by Johan Gély, Swiss Development Cooperation (SDC)
2nd UN-Water GLAAS Evaluation Meeting in Bern 2nd and 3rd October 2012
The UN-Water Global Analysis and Assessment of Sanitation and Drinking-water (GLAAS) monitors the inputs, and processes and their outputs (e.g. policies, investments, human resources) that influence the provision and sustainability of drinking-water, sanitation and hygiene (WASH) systems and services. Following publication of a proof-of-concept report in 2008, GLAAS published two full reports in 2010 and 2012 – the latter covering 74 countries and 24 external support agencies. GLAAS is generally acknowledged as having gained itself a specific niche within the global WASH monitoring landscape.
It is an important tool for the SDC Global program Water initiatives as it is part of an important and logical sequence of work/partnership which combine the global water and sanitation data acquisition (Joint Monitoring Program – JMP), the data analyze/assessment (GLAAS) and the sector global advocacy (Sanitation and Water for All – SWA).
1) It is a low cost and high quality global monitoring product and process.
2) It allows us to unify forces to lobby for a water goal in the Post 2015 goals.
3) Water Quality should be included in the future water goals and reported by JMP and GLAAS.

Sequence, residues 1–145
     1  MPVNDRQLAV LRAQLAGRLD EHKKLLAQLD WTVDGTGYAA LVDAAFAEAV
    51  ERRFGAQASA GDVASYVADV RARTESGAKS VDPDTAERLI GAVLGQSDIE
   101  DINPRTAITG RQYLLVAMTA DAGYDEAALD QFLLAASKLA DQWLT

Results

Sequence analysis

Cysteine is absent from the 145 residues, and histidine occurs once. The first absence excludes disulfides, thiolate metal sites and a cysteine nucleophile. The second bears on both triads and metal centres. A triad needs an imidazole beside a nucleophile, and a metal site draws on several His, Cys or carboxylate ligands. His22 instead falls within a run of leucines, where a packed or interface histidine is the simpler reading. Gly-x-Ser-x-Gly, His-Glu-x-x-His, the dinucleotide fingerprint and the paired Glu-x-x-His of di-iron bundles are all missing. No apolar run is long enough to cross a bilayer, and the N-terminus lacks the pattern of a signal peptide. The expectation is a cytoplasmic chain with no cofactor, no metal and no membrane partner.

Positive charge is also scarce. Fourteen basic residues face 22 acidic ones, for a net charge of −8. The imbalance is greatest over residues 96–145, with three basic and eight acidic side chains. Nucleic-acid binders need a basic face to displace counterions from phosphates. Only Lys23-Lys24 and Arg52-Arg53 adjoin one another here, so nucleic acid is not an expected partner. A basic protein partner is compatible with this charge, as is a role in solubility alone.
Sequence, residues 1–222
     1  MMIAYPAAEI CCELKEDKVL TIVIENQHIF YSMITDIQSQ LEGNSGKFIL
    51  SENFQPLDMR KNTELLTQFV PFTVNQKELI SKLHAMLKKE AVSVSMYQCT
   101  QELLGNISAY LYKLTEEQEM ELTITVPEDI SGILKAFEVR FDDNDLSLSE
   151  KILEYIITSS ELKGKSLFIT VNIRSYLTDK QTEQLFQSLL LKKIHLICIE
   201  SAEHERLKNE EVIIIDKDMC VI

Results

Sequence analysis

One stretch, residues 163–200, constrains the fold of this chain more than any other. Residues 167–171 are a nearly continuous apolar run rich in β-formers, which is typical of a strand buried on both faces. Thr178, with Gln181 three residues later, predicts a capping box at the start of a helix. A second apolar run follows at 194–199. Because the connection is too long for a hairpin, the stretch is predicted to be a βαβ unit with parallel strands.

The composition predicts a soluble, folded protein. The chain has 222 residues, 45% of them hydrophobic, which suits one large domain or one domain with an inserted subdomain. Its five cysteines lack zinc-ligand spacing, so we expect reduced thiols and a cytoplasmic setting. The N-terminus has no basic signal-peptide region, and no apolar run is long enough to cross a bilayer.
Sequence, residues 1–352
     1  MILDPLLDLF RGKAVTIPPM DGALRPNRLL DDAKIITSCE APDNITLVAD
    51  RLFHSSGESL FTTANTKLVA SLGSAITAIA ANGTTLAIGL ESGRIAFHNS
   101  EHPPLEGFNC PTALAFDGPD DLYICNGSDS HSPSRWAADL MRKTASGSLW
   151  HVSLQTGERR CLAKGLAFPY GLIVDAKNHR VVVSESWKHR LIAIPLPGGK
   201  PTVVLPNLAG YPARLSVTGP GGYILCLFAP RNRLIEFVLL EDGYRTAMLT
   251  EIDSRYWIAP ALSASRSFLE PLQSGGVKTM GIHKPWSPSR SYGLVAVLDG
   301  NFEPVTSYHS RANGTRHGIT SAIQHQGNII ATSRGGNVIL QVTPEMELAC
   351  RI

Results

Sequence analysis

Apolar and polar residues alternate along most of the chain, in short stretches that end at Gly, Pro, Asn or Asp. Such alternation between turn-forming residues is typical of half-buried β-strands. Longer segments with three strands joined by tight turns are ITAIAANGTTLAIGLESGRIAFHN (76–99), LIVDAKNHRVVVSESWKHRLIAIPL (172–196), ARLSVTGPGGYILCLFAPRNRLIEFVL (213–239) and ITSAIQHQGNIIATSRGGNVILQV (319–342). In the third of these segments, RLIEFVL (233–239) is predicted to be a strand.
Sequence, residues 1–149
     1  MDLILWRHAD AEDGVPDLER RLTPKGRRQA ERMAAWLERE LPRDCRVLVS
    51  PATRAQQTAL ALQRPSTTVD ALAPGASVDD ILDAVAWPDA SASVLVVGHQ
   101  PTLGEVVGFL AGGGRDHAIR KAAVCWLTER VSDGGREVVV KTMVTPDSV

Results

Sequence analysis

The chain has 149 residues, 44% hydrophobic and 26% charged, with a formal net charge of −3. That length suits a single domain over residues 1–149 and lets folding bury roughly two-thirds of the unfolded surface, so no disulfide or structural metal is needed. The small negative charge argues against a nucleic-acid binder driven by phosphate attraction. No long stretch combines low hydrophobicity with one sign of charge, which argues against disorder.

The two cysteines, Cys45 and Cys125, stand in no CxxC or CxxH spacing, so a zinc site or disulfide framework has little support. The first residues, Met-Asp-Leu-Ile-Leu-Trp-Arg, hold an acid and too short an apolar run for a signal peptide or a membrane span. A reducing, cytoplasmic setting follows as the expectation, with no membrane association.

4) We should strengthen alignment with national monitoring systems.
5) We need to improve link with others global, regional and national monitoring systems.
6) The presence of new actors (from emerging states) should be reinforced in the future.
UN-Water GLAAS 2012 report – Approach and Main findings
UN-Water GLAAS – A brief history and rationale
For further information on GLAAS, please contact Bruce Gordon or Johan Gély.
This blog is by Susan Davis, executive director of Improve International, an organization focused on promoting and facilitating independent evaluations of WASH programs to help the sector improve. She has more than 13 years of experience in international development and has evaluated WASH and other programs in 16 developing countries. Her first career (8 years in environmental consulting) involved projects like combining databases across the 10 US Environmental Protection Agency Regional offices, which is where her respect for unique identifiers was born.
What is a unique identifier?
You probably don’t think of it, but you use unique identifiers every day. In the US, your social security number is your unique identifier for the government (which is why if someone has it they can steal your identity). Your bank account number helps the bank track all information associated with you.
What is a physical unique identifier?
Well, your house has one – in the form of an address. Your car has one – the vehicle identification number. The license plate might count but it is too easily removed. My dog has an identification chip embedded between her shoulder blades because her license tag could easily come off with her collar. A physical unique identifier needs to be permanent – long lasting in tough conditions, and not easily removed.
Continue reading “Why physical unique identifiers on water points will improve sustainable services”